Tennessee Expungement Laws
Don’t let a criminal case ruin your prospects, even if the case occurred a long time ago.
Your case may be eligible for expungement!
If you or someone you know has ever been charged with a crime (even if it did not result in a conviction), then you probably already know how a criminal case may affect someone’s ability to find a job, apply for a professional license, possess a firearm, vote, be admitted into college, obtain student financial aid, obtain life or disability insurance, run for public office, or participate in many other activities or endeavors.
The Law Offices of Bryan Stephenson is familiar with expungement laws and procedure, and will investigate whether you may be eligible to expunge a prior criminal case.
What does “Expungement” mean?
Under Tennessee law, an expungement (sometimes called “expunction”) means that the actual public records of a criminal case are removed and destroyed from the court records.
When a case is expunged, the court clerk destroys the court file. Thereafter, if someone calls the courthouse and asks the clerk about any prior criminal history of that individual, the clerk will have no record of the prior case and will say that there is no prior record. In fact, release of expunged data is a criminal offense punishable by jail and a fine.
Note: Certain records, such as files at the prosecutor’s office, police records, DCS and TBI files, are generally not considered public, and thus are not required to be removed and destroyed. See Tennessee Code Annotated § 40-32-101 for more details.
What cases are eligible for expungement?
Not all cases are eligible to be expunged. The following cases are entitled to be expunged from public record, and the government is NOT allowed to charge any fee to process the expungement request for:
- a dismissal (sometimes a case is “dismissed on costs”—that means the case may be expunged after court costs are paid);
- an acquittal (after trial by judge or jury);
- a “nolle prosequi” (a prosecutor’s decision to not prosecute);
- cases where a “no true bill” was returned by a grand jury;
- cases where a person was arrested but not charged;
- certain underage alcohol possession offenses [See Tennessee Code Annotated § 57-3-412(a)(3)(C) and 57-5-301(e)];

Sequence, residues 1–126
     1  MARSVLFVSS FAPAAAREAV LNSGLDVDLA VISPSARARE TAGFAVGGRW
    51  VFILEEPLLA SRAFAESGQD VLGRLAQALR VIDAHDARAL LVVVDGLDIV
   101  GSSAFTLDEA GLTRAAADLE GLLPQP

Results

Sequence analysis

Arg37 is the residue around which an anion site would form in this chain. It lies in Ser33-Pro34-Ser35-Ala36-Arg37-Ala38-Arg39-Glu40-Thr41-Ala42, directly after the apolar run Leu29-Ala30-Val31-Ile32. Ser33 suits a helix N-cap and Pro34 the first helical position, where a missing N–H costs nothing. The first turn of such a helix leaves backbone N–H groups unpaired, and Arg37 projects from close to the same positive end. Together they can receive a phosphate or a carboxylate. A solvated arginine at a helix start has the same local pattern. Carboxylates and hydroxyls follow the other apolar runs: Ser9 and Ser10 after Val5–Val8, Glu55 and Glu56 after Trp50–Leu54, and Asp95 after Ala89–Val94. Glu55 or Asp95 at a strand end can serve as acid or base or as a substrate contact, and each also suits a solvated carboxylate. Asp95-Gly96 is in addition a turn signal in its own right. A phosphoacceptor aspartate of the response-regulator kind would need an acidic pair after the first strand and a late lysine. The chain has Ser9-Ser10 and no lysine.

- a “retired” case — depending on the jurisdiction, this can mean that after a certain period of time has elapsed with the individual exhibiting good behavior and not incurring new charges, the “retired” charge can become a “dismissed” charge and thus eligible for expungement (with or without court costs); and
- individuals who successfully completed pre-trial diversion (§§ 40-15-102 — 40-15-107) or judicial diversion (§ 40-35-313) are also entitled to have those cases expunged. The main difference with diversion cases is that the expungement process is not free — there are court fees that must be paid.
Up until July 1, 2012, any prior case that resulted in a conviction was generally NOT eligible for expungement. Put simply, it meant that a conviction was forever. For example, if an individual was charged and convicted of a minor crime some 20, 30, 40, or even 50 years ago, and lived a model life ever since then, he or she would have no mechanism by which to expunge the prior indiscretion from public record. That all changed with the 2012 amendment to Tennessee Code Annotated § 40-32-101.
Folks who had an actual conviction for certain non-violent offenses may be eligible to apply for expungement.
Several conditions must be met, including the following:
- Five years must have passed since the case was completed (as in five years from the point the sentence of confinement or probation ended);
- The actual offense must qualify under the expungement law (it must be a non-violent misdemeanor or class-E felony, and some offenses such as DUI and domestic assault are automatically ineligible; additionally, convictions occurring prior to November 1, 1989 are subject to different definitions of eligible offenses);
- The person must have paid all applicable court costs, fines, probation fees and restitution;
- The person must have completely satisfied all requirements of the sentence (such as probation requirements);
- The person must file a petition in the court where the conviction occurred, and pay an application fee, and
- At the time of filing, the person must have never been convicted of any criminal offense, including federal offenses and offenses in other states, other than the offense committed for which the petition for expungement is filed.
- The District Attorney has a right to challenge the petition, and the judge may decide to conduct a hearing on the matter.
- If the judge denies the petition, then the person may re-apply two years later.
Additionally, in 2017 Tennessee changed its expungement laws again to allow for folks with exactly two eligible convictions to expunge both of them. This is a positive step in helping people maintain bright futures that aren’t forever marred by past mistakes.
If you believe that you fit the above criteria for having a charge (or charges) expunged from public record, then contact Bryan for a free consultation.